Though a decision has yet to be made on the previous lawsuit, the referendum was approved for the November election.

In this current lawsuit, filed in July, both Carbone and Hammerschmidt are once again named along with the City of Oceanside, City Clerk Zeb Navarro, and San Diego County Registrar of Voters Michael Vu.

Hammerschmidt, and former Oceanside teacher, would not comment on the lawsuits, but did say she is “seething about the attempts to defile my family name.”

“I just hope all of my former students, athletes, their families and guardians and all of my colleagues at the (Oceanside Unified) district will continue to maintain their trust in my relationship with them,” Hammerschmidt said. “The name Hammerschmidt is known for trustworthiness, honesty, and doing the right thing from all of Southern California to the Bay Area, which is part of the reason I’m so incensed about this.”

Called “Measure L,” the ballot measure will ask voters if an ordinance that rezones approximately 176.6 acres in northeastern Oceanside to implement the North River Farms project should be adopted.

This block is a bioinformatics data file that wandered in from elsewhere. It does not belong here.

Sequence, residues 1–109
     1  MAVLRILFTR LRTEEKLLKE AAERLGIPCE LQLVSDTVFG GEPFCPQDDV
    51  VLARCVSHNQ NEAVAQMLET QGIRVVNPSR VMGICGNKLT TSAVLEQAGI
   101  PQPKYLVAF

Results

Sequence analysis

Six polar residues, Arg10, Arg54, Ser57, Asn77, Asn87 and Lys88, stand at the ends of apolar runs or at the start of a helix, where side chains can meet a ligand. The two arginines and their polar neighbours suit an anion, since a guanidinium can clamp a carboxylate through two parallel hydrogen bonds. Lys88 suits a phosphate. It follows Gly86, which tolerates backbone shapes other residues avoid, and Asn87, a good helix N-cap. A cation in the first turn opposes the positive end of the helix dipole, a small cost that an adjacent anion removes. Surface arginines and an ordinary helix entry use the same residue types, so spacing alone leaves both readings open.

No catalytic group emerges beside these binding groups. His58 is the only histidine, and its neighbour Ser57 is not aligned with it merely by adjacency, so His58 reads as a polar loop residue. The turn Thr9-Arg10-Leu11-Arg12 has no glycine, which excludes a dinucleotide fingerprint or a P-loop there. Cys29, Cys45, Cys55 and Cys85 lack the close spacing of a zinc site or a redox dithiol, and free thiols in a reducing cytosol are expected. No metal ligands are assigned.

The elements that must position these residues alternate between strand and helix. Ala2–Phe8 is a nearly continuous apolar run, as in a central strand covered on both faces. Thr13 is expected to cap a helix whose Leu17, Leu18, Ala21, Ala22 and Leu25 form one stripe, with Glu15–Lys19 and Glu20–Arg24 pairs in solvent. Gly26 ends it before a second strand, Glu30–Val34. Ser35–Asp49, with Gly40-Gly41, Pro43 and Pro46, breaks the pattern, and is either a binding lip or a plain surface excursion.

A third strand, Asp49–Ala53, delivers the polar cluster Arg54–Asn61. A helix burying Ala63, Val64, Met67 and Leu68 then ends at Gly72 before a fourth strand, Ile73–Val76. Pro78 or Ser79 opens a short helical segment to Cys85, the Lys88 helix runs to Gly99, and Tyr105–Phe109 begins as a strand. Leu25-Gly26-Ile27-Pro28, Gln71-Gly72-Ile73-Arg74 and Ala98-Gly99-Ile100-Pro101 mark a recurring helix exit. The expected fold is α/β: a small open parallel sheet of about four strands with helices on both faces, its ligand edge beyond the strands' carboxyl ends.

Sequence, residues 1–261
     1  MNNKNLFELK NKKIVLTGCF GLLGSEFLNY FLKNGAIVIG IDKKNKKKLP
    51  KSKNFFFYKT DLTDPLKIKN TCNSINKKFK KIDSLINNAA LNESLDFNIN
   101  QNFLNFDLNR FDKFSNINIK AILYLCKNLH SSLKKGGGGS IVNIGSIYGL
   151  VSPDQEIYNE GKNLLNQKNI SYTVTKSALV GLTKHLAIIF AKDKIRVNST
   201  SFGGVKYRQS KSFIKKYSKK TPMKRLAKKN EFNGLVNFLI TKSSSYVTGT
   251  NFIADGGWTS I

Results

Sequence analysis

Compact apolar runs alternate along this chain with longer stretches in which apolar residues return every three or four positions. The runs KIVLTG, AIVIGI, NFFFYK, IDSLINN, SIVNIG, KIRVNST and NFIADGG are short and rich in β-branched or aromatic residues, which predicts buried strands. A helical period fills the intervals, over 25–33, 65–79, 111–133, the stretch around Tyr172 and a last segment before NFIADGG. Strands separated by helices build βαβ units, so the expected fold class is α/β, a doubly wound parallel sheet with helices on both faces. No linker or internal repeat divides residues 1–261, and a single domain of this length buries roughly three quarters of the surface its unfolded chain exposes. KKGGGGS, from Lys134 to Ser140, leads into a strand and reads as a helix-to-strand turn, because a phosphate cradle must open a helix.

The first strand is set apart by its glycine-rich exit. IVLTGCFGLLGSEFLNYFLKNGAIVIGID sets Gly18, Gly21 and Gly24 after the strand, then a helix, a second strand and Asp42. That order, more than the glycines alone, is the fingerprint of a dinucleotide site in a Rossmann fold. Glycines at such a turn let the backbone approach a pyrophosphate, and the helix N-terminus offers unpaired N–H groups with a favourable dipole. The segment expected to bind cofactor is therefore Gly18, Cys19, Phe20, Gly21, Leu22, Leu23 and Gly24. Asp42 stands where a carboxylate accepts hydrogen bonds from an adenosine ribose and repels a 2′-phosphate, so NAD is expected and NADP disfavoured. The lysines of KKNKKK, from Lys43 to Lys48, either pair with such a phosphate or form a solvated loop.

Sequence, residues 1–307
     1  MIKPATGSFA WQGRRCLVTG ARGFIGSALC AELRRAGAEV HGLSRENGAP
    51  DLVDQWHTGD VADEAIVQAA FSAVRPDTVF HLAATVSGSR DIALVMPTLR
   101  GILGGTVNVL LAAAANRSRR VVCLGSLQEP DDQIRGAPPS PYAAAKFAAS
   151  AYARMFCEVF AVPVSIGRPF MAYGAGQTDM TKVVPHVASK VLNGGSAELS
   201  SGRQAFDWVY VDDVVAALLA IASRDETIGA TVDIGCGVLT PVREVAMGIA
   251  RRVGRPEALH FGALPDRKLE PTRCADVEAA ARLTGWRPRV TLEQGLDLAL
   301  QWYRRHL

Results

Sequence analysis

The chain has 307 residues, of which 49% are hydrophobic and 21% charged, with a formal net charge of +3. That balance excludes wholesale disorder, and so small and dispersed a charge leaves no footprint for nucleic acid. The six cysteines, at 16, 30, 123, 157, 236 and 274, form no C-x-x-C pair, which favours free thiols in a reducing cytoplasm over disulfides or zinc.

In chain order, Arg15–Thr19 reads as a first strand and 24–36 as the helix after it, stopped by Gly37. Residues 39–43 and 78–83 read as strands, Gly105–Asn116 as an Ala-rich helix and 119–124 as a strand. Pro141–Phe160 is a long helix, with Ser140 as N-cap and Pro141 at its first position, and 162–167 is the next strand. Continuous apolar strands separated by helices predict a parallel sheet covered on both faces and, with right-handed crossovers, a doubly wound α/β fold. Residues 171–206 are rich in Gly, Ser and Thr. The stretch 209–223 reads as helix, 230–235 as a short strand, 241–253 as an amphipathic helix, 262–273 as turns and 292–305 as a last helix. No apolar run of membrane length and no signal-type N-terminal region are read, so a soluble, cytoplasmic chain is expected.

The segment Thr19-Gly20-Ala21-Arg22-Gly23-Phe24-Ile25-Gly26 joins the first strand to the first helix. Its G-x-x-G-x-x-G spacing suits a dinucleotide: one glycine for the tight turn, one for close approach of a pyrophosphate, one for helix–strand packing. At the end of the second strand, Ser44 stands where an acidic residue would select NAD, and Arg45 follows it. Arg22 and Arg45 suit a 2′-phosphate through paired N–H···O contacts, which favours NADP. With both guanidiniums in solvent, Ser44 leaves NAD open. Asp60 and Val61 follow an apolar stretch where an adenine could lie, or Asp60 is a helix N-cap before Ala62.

The current zoning is agricultural with a potential for allowing 2.5-acre minimum residential lots. When City Council approved the project in November, they also approved a change to the zoning to accommodate the project.

“The referendum only cherry-picks the zoning,” said Mark Dillon, an attorney representing Integral Communities in the lawsuit. “We have an approved General Plan that allows housing and an approved map that allows houses to be built, but we have an attempt by the referendum to restrict housing on the site even though the city approved it after four years of public planning and environmental review.”

The lawsuit challenging the referendum was filed under Senate Bill 330, a new state law that intends to address the state’s housing shortage and affordability crisis by boosting supply and expediting housing production.

The bill is designed to speed up housing construction for the next five years by reducing the time it takes to obtain building permits, limiting fee increases on housing applications and preventing local governments from reducing the number of homes that can be built.

The lawsuit argues that the referendum is in violation of SB 330.

“This anti-housing, anti-growth referendum seeks to undo the zoning that matches the General Plan that allows housing on the property,” Dillon said.

Each city is required to update their general plans, housing elements and zoning codes to accommodate the Regional Housing Needs Assessment (RHNA) Plan, which allocated housing to jurisdictions based on the availability of transit and jobs. The plan also seeks to allocate more housing units for low and very low-income residents and prioritizes placing those units in areas with better schools, more economic opportunity and fewer environmental hazards.